Water > Indoor Water Use


A water audit analyzes a facility’s water use and identifies ways to make it more efficient. An audit reviews domestic, sanitary, landscaping, and process-water use and recommends ways to increase your facility’s water-use efficiency. An audit is often free of charge and can save your sports departments and institution money in avoided water use costs.

Consider contacting a contractor to increase the efficiency of water use in your sports facilities. Some contractors will conduct audits of water use and will help finance water efficiency improvements in exchange for a share of cost savings. For a list of water conservation contractors, visit the American Water Works Association’s Guide to Suppliers. Contractors who perform water efficiency audits can be found under “conservation.” Many of these companies operate nationally.

For detailed information on water audits and water efficiency, see New Mexico’s Water Conservation Guide for Commercial, Institutional and Industrial Users.

Visit the EPA’s Guide to Water Conservation Programs for additional water conservation opportunities in your state.


Installing water-efficient appliances, low-flow fixtures, and aerators saves money and water. Aerators for faucets and showers require an initial capital investment, but they can often pay back the investment in under a year, especially in situations where they are in heavy use.

Installing waterless urinals not only saves water, but also reduces energy use, infrastructure costs, water discharge costs, and maintenance costs. A single waterless fixture at a stadium or arena can save an average of 40,000 gallons of water per year, and saves energy by eliminating the need for water to be transported to the urinal or discharged to a water treatment facility.

By reducing the load on treatment plants, waterless systems can help reduce the need for costly water treatment capacity and reduce the incidence of overflow events at treatment facilities. Research also shows that waterless urinals are more hygienic than traditional urinals, as the absence of water reduces bacterial growth.

Dual flush toilets also offer water savings opportunities. A dual flush toilet offers two flush settings for either solid or liquid waste, typically 1.6 gpf vs .8 gpf, and can reduce water use by as much as 70%.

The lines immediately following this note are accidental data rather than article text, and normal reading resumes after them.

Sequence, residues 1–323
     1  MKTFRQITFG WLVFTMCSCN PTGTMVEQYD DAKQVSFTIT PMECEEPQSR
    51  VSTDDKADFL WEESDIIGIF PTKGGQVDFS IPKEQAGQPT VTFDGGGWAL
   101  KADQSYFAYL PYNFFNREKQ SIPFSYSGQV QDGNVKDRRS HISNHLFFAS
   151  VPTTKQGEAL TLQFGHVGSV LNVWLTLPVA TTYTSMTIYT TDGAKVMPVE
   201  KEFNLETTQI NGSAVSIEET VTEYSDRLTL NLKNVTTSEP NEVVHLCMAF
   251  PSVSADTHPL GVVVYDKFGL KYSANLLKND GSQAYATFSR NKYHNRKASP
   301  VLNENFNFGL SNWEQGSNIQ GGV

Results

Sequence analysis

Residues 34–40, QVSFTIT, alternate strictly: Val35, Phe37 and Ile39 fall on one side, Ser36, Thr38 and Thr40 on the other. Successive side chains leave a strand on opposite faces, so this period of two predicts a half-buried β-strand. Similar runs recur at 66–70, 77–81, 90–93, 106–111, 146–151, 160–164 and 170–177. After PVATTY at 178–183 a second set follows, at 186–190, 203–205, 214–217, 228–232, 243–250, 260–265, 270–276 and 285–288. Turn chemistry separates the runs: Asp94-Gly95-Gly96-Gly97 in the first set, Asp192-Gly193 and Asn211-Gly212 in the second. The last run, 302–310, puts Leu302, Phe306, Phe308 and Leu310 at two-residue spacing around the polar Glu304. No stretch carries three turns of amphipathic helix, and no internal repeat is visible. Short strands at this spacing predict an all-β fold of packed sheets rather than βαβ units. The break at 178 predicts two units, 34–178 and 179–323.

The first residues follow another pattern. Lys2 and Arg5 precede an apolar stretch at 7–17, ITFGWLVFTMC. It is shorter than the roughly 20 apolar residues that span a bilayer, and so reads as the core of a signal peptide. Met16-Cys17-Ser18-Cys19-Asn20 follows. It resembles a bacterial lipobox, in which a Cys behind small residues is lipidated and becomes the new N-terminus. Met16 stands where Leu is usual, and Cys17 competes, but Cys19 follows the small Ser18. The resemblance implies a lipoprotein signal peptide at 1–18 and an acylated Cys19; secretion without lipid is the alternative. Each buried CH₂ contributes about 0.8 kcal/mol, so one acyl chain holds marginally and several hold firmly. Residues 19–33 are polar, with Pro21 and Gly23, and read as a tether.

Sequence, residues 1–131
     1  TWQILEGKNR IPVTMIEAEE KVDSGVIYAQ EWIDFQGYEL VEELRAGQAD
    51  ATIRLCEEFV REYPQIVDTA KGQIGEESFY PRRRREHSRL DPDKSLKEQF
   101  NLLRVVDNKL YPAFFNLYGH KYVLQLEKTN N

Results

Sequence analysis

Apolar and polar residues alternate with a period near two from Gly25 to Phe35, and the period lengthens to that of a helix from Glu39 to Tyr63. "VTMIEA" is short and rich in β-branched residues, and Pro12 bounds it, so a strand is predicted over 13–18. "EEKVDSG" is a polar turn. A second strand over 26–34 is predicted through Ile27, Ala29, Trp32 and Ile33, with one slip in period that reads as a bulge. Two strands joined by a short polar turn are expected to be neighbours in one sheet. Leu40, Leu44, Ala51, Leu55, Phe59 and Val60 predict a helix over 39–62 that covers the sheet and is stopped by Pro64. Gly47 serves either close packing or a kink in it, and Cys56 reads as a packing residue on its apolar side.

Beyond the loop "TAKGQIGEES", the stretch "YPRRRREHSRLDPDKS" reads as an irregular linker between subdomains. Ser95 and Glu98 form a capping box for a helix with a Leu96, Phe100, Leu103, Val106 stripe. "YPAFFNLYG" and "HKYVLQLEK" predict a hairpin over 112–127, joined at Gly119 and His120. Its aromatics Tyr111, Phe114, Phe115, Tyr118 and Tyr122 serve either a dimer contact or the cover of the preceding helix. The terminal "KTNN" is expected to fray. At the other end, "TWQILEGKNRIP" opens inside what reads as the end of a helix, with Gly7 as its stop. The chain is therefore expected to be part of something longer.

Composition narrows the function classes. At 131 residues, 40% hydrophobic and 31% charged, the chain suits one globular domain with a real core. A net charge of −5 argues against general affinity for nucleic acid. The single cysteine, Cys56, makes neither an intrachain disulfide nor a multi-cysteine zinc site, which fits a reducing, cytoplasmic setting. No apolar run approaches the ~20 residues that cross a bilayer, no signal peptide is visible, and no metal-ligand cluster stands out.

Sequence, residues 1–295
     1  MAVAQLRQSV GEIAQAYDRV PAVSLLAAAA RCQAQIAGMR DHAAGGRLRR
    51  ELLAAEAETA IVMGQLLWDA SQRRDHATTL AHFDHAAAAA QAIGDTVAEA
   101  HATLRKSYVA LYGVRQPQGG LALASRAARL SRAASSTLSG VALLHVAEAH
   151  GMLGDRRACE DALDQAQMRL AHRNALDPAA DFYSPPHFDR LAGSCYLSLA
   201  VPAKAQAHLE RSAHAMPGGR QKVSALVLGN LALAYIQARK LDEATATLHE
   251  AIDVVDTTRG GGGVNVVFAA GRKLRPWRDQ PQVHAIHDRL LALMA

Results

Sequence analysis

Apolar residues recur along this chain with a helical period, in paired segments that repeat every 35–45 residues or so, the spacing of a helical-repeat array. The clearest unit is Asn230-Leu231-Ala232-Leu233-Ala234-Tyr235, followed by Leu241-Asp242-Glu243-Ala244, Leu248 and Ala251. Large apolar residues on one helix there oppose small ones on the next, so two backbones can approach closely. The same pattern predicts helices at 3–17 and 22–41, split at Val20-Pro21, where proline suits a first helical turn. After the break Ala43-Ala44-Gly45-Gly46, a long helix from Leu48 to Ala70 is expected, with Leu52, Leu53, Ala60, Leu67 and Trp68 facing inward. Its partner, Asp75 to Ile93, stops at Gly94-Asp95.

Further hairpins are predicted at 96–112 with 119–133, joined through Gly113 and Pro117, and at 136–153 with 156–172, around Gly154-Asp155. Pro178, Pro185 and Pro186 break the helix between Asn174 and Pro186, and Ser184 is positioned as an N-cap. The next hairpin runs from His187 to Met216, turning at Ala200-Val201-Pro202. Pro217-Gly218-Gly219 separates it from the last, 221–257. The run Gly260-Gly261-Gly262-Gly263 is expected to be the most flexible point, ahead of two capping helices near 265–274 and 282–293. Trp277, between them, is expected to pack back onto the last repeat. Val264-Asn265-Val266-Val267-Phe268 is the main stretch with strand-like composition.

Product Specifications

  • Toilets: 1.28 gpf or 1.6/0.8 gpf dual flush
  • Urinals: 0.125 gpf or waterless
  • Faucets: 1.5 gpm
  • Shower heads: 1.5 gpm
  • Service sinks 2.0 gpm

Also consider replacing old washing machines with water-efficient washing machines for your sports department’s laundry. Consult Energy Star’s Commercial Clothes Washers for product listings.

EPA Plumbing and Water Conservation Contract Language
Whole Building Design Guide Sample Contract Language

For a database of environmentally intelligent products that can help reduce water use, visit the following databases:

EPA WaterSense Program’s Product Specifications
Oikos Green Product Database
EPA’s Environmentally Preferable Purchasing Database
EPA – Comprehensive Procurement Guidelines: Suppliers Database


Many utilities and city governments offer incentives to purchase and install low-flow and waterless fixtures. Contact your water utility to learn more about these programs. For water rebates near you, consult EPA’s Water Rebate Finder.


Student involvement in sports greening efforts can reduce demands on staff time and departmental resources. Student involvement can also help attract support from facilities, athletics, recreation, campus administration, and other departments. The following idea is one example of a task for students to conduct in your sports facilities. This preliminary student project could help facilitate interest in reducing water consumption across all sports facilities and institution-wide. Consider encouraging interested students to do the following:

Water Facilities Audit:

Complete a preliminary walkthrough audit to identify opportunities for installing water-efficient appliances, low-flow fixtures, waterless urinals and aerators on faucets throughout your sports facilities. Identify floors or entire facilities without any water-efficient fixtures and suggest locations for installing these. Consider writing up a business plan to encourage installing water-efficient fixtures and appliances.

Visit the relevant page in this guide for more ideas for Student-Led Project Ideas.


Conducting water audits and improving water efficiency at your sports facilities can help your institution earn points within the “Water” subcategory of AASHE’s Sustainability Tracking, Assessment & Rating System (STARS). It can directly contribute to earning up to 6 points for the credit “OP 26: Water Use.” Work with sustainability and facilities staff on your campus to support any institutional efforts to attain or improve your institution’s STARS rating. Use the STARS 2.0 Technical Manual to learn more.